‘THERE was no death threat as such, but there was a suggestion that I might be in danger of harm,’ Ian Bailey told The Southern Star after weekend reports a ‘death threat’ had been issued against the former journalist.
He said he was approached by two gardaí at Schull farmers’ market at the weekend.
Mr Bailey, who has been convicted in absentia by a French court of the 1996 murder of Sophie Toscan Du Planter, said that two gardaí told him last Sunday that they had received a recorded telephone message at Schull garda station, suggesting harm may come to him.
Contrary to reports in a national newspaper, Bailey told The Southern Star that it was never a death threat. ‘No, not a death threat, but more of a suggestion to use violence against me,’ Ian Bailey said. Asked if he was concerned for his safety, Mr Bailey said: ‘I was shocked at first, but I’ll just keep buggering on, what else can you do?’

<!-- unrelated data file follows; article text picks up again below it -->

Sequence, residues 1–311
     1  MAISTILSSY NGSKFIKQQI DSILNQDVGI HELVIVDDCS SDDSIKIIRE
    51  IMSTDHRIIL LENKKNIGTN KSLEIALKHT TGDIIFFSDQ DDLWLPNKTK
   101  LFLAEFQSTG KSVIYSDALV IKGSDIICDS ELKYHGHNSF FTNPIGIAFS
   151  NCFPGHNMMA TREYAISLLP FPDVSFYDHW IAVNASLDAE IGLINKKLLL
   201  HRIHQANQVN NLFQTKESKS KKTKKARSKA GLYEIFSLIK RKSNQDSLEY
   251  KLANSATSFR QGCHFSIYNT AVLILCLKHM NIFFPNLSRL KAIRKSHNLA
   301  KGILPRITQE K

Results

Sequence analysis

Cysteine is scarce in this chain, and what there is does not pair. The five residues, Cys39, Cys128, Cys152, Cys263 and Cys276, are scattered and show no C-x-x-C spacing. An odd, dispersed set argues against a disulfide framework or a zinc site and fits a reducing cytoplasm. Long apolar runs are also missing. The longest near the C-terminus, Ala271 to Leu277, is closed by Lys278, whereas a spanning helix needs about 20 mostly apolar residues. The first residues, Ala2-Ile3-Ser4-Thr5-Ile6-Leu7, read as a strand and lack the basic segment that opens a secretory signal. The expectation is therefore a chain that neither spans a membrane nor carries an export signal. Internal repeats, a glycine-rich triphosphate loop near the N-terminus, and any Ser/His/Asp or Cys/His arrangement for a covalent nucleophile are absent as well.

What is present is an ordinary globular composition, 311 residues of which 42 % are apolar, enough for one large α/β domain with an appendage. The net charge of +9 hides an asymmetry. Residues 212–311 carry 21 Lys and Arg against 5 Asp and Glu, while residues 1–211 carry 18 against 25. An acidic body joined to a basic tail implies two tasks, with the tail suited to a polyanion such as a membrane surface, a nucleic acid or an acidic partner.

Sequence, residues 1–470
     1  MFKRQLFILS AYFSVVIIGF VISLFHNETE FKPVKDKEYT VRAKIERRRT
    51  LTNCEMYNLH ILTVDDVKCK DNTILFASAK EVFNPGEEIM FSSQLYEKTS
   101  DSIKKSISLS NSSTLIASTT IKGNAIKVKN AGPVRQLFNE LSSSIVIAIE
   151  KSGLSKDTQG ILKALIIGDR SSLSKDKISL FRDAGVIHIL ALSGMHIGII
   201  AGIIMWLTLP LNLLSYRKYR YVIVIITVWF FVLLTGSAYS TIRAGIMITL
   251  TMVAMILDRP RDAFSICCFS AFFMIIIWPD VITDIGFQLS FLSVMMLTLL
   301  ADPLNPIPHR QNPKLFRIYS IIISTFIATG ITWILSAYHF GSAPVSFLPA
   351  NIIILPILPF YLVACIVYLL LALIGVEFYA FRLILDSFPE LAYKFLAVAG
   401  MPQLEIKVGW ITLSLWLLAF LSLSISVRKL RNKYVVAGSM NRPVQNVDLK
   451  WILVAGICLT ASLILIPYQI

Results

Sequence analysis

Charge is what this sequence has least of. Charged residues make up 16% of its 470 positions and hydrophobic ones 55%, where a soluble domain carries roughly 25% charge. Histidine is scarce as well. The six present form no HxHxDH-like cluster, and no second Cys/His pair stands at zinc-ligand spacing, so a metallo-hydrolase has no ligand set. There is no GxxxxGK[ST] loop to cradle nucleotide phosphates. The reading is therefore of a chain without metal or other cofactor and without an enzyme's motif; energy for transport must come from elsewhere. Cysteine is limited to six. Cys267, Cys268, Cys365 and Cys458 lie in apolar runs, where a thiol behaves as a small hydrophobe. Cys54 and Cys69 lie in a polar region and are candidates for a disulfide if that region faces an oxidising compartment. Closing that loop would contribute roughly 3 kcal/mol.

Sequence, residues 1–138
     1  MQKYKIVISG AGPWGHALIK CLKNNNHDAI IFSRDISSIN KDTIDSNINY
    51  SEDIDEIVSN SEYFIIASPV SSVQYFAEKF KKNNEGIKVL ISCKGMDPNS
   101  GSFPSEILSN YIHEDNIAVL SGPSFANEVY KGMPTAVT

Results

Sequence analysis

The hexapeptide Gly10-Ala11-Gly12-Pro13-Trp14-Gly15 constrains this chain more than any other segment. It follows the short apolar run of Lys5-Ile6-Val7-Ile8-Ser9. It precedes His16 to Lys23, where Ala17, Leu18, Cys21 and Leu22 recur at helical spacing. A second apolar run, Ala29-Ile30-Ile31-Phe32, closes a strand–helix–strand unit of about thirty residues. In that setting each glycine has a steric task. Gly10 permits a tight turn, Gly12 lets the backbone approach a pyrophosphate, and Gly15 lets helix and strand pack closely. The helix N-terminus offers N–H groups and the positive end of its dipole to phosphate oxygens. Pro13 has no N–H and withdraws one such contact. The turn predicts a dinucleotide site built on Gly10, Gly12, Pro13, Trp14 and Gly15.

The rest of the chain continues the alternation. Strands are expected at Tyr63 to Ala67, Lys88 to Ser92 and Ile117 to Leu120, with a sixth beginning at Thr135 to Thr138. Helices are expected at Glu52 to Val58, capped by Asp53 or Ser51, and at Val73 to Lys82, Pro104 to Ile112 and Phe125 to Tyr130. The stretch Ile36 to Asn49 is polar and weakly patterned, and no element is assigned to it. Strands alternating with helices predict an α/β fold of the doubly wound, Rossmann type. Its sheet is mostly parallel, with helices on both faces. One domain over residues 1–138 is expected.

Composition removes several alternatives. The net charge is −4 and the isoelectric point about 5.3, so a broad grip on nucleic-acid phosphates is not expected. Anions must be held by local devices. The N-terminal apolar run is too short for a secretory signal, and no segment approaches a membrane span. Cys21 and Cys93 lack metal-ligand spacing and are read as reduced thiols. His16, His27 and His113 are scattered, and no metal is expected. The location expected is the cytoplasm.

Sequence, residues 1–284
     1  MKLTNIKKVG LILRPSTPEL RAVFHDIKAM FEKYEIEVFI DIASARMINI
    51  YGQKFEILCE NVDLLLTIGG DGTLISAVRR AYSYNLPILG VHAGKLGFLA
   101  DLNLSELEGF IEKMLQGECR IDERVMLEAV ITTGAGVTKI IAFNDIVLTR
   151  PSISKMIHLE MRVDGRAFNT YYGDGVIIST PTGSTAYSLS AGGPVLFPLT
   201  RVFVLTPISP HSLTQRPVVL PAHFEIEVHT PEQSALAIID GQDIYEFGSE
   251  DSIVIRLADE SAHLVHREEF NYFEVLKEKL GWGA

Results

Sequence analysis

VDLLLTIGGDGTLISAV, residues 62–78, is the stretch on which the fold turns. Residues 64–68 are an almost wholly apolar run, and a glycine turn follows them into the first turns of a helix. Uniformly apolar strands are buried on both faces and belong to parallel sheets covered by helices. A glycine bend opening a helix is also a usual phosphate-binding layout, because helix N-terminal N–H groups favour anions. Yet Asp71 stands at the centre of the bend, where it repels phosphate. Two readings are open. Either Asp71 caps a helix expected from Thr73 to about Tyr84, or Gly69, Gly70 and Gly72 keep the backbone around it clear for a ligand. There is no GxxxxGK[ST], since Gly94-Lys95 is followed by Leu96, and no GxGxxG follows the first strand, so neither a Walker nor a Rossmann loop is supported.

Bailey also spoke of what he described as a ‘honey trap’ set up on social media, which he said purported to support his claims of innocence, but was in fact an attempt to frame him.
‘I am extremely new to social media but I am learning fast how to manage it. I smelled a rat when I read some of the comments,’ Bailey said. He also said that he has been contacted by people from across the globe on social media, including many young women – some photos of whom he has posted on his Twitter account. ‘These are my Facebook lady friends. I posted these on Twitter by mistake, but they are all real and well educated young ladies,’ Mr Bailey said.